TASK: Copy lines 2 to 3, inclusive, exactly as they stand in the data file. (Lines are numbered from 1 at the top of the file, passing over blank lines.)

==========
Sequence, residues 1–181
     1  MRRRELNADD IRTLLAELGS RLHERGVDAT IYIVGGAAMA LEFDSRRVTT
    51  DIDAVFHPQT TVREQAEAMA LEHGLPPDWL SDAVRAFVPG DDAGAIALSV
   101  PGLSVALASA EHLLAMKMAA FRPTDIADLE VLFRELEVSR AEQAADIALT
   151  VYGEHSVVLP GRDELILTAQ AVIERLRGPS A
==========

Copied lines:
     1  MRRRELNADD IRTLLAELGS RLHERGVDAT IYIVGGAAMA LEFDSRRVTT
    51  DIDAVFHPQT TVREQAEAMA LEHGLPPDWL SDAVRAFVPG DDAGAIALSV